The muse demands a meme. Here follows vignettes about what characters see and feel when they look at each other. Which sounds sort of lame now that it’s in print, but I think it’ll work in practice! There is also an emo warning on this one. Maybe the muse will perk up for some fluff later.
There is a ghost between us, and one fact that cannot be escaped; she kept you, and she threw me away. We pretend she isn’t there and that she doesn’t matter, even though without her, there is no us, no sisters. If she weren’t the kind of woman she is, there would be no Bree and no Iseulte for you to go looking for, and even if you came this way, someone like you would hardly bother to seek out someone like me. I sometimes wish we could speak about her, but I’m afraid to invoke her. If I did, perhaps we would dash this sister-love to pieces on that unyielding boulder of a fact – she kept you, and she threw me away.
But. When I look at you, I don’t see the ghost. Not directly. But I see how much of you is hidden, tucked away safe behind dazzle and mirrors and your beautiful smile. How bright that face is that you show to the world. I can’t wonder that you rivet and fascinate and drive men to madness for want of that vision. But dearest, what I see behind the dazzle is so much more beautiful. I don’t know why you hide it like you do. You are clever and intelligent, and no heart is more open to the wonder of the world than yours. What a mind you have, and what a tender heart! You are never cruel, not even to Tad. Not really. I have never heard you say a mean-spirited word in your life. And how generous you are with your friends! And how kind you are to a sister who is so difficult to love, whose pricker-bush friendship offers you as many thorns as it does berries. And though you are kind, you are also made with a core of the finest steel. You are brave in the face of setbacks and once your course is set, you do not deviate until your goal is attained. I don’t always agree with how that course is set, but I admire you for keeping to it when I have made so many deviations from my own convictions. This I know; you are far stronger than I.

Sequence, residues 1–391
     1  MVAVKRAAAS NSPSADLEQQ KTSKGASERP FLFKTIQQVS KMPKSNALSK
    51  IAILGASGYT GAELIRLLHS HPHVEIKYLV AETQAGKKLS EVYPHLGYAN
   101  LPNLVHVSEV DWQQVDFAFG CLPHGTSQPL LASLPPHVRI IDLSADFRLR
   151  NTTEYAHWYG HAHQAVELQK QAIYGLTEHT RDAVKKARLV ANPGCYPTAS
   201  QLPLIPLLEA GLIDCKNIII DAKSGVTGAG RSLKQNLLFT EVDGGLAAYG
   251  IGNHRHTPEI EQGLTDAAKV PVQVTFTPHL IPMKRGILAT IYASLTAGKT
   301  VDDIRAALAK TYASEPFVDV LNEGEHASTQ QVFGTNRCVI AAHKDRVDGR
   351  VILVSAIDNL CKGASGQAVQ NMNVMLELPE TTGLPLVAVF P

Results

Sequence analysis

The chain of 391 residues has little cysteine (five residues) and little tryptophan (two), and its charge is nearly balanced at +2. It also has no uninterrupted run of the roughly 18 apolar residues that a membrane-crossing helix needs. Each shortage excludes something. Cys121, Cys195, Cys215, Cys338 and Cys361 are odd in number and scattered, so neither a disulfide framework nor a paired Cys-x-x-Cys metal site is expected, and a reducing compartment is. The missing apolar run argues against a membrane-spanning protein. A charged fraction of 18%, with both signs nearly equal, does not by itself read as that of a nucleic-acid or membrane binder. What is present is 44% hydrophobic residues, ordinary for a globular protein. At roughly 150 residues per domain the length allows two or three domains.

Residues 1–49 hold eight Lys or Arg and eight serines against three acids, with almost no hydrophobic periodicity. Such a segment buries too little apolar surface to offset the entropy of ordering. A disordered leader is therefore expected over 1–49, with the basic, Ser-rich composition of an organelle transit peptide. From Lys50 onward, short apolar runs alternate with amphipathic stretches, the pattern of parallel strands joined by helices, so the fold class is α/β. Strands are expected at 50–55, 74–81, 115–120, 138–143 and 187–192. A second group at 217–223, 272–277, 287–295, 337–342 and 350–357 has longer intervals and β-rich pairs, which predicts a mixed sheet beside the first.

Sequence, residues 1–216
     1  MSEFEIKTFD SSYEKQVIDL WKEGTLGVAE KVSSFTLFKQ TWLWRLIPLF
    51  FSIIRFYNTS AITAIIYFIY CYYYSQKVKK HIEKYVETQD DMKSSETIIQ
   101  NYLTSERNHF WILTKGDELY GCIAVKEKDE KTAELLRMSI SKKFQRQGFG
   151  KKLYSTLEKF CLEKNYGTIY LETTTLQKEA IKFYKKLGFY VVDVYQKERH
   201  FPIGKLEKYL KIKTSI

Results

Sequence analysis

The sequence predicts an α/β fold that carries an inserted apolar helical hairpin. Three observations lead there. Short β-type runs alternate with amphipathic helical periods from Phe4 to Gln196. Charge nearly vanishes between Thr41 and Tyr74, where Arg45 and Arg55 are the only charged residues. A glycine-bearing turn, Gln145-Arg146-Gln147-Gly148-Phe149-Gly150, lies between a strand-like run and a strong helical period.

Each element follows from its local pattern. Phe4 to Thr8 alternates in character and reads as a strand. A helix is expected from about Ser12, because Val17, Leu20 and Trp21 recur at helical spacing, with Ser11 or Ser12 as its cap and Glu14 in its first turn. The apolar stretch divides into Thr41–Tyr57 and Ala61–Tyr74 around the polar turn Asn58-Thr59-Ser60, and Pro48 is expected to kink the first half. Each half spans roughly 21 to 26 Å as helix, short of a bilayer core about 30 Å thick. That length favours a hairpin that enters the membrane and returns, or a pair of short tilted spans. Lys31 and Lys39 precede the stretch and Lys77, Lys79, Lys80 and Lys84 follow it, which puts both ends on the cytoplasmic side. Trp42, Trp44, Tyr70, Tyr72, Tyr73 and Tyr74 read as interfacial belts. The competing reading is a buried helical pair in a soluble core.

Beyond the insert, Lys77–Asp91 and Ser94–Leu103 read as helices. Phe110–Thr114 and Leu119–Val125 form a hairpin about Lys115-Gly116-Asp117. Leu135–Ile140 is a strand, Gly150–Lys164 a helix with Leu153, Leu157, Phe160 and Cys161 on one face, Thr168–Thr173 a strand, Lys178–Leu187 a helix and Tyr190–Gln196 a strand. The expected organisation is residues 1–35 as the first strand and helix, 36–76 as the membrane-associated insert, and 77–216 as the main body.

When I look at you, this is what I see; this and not the sparkle and glamour and pliant loveliness. And I wonder – a question I can never, ever ask – did mother throw you away too?